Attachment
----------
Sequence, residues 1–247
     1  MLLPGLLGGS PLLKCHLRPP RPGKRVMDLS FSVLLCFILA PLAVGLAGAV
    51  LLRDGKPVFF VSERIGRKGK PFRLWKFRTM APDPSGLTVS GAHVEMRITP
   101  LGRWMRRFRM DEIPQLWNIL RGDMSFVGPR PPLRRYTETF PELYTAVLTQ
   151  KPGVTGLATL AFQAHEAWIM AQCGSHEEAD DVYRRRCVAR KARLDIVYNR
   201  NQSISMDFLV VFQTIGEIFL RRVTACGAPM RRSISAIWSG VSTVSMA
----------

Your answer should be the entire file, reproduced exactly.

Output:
Sequence, residues 1–247
     1  MLLPGLLGGS PLLKCHLRPP RPGKRVMDLS FSVLLCFILA PLAVGLAGAV
    51  LLRDGKPVFF VSERIGRKGK PFRLWKFRTM APDPSGLTVS GAHVEMRITP
   101  LGRWMRRFRM DEIPQLWNIL RGDMSFVGPR PPLRRYTETF PELYTAVLTQ
   151  KPGVTGLATL AFQAHEAWIM AQCGSHEEAD DVYRRRCVAR KARLDIVYNR
   201  NQSISMDFLV VFQTIGEIFL RRVTACGAPM RRSISAIWSG VSTVSMA